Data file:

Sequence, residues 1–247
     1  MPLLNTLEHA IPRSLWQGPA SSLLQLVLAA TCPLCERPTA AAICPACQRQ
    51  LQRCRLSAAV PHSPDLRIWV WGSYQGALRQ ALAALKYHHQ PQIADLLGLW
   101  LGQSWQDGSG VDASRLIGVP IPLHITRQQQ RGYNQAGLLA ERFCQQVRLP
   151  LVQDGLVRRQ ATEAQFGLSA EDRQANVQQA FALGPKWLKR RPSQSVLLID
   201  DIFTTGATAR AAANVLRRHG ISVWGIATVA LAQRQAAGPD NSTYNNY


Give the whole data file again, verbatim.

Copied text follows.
Sequence, residues 1–247
     1  MPLLNTLEHA IPRSLWQGPA SSLLQLVLAA TCPLCERPTA AAICPACQRQ
    51  LQRCRLSAAV PHSPDLRIWV WGSYQGALRQ ALAALKYHHQ PQIADLLGLW
   101  LGQSWQDGSG VDASRLIGVP IPLHITRQQQ RGYNQAGLLA ERFCQQVRLP
   151  LVQDGLVRRQ ATEAQFGLSA EDRQANVQQA FALGPKWLKR RPSQSVLLID
   201  DIFTTGATAR AAANVLRRHG ISVWGIATVA LAQRQAAGPD NSTYNNY